After a day spent pounding around the Fiorano test track, Michael and his engineers would decamp across the road to Ferrari’s sporting HQ – the Gestione Sportiva (GeS) – for increasingly thorough debriefs. Michael would then unload all the data he had memorized, recalling corner entry behavior, mid-corner conditions and exit speeds, all the while answering queries and suggesting solutions to engineers’ problems.
As midnight approached, he would leap into his 456GT road car and blast down the dark winding streets to the only Maranello pizzeria still open. The proprietor would be well-versed in the drill as Michael smilingly picked up a dozen boxes of pizza, tenderly strapped the wobbling tower into the passenger seat and blasted off back to the factory. He would then unload the late supper to his grateful crew and continue debriefing – often until three or four in the morning.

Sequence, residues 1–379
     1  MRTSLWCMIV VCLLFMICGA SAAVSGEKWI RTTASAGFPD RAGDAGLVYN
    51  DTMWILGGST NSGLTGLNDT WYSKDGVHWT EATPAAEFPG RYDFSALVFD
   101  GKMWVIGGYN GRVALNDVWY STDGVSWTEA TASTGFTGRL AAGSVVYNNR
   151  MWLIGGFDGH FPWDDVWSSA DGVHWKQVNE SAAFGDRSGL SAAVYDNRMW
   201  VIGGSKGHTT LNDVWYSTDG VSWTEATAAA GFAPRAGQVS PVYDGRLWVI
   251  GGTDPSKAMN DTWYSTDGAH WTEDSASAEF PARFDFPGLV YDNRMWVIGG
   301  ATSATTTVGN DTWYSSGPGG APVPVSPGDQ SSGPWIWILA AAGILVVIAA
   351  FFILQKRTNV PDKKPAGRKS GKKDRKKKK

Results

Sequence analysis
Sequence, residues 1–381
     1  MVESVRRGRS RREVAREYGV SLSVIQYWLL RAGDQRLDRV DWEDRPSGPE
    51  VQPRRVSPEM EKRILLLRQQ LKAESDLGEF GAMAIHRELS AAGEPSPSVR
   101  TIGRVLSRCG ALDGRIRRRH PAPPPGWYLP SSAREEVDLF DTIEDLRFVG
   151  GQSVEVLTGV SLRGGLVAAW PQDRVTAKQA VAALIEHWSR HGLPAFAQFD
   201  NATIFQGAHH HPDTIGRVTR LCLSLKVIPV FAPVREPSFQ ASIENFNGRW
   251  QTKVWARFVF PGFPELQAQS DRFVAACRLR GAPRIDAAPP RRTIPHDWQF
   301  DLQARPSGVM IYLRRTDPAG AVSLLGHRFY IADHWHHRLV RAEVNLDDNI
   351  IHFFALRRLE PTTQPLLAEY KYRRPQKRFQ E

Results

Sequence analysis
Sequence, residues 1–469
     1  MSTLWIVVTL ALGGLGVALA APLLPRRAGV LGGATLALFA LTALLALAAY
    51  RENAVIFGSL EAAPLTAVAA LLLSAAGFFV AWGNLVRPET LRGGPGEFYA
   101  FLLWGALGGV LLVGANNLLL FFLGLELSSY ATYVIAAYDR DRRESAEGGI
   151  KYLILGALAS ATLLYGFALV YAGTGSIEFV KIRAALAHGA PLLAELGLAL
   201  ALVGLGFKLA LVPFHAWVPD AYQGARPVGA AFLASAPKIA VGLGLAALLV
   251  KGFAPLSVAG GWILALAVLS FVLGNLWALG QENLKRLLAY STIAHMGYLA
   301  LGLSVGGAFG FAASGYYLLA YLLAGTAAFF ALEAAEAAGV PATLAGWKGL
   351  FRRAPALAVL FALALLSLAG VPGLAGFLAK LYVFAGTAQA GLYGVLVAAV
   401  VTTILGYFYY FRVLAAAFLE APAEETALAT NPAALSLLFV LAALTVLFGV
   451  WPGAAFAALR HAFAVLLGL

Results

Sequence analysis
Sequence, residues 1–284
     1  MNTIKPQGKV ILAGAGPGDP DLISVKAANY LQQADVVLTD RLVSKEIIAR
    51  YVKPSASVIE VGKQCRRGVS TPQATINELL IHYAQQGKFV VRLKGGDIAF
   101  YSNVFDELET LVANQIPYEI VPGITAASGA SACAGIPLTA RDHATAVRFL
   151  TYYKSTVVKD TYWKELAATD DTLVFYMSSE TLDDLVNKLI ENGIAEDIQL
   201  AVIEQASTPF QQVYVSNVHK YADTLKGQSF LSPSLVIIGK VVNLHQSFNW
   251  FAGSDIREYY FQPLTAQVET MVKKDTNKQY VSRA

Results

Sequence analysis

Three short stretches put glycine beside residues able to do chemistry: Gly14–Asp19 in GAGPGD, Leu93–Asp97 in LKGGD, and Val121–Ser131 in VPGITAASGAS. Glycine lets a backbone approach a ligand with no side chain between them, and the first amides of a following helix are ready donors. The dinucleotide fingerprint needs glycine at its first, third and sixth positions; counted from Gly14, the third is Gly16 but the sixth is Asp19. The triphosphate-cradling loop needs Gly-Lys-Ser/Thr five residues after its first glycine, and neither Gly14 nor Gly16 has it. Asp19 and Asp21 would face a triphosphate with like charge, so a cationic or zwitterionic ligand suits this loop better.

It was around this time that Ferrari bequeathed the use of Enzo Ferrari’s old whitewashed farmhouse to Michael. It was from this building, which sits squarely in the center of the Fiorano test track, that the Old Man had watched his cars. Now it was Michael’s home-from-home as his testing routine became so strenuous that he put his fitness regime on hold for 18 months in order to devote more time to the factory than the gym. This new living arrangement meant that he could finish his debriefs and turn in late yet still be back at the track by 8:00 a.m. for the first laps of the new day.
The pay-off: the Ferrari mechanics began to treat Michael like a member of the family. He had proved his commitment beyond the call of duty – and demanded that his colleagues prove theirs. You saw it after every victory, as he emotionally embraced his boys. You saw it, finally, at Suzuka in 2006, in the wake of defeat, as he consoled his troops – at that moment the superstar became their equal. And they loved him for it.
I do not know of any driver that would put that much effort into winning and i think we will never see someone like this again.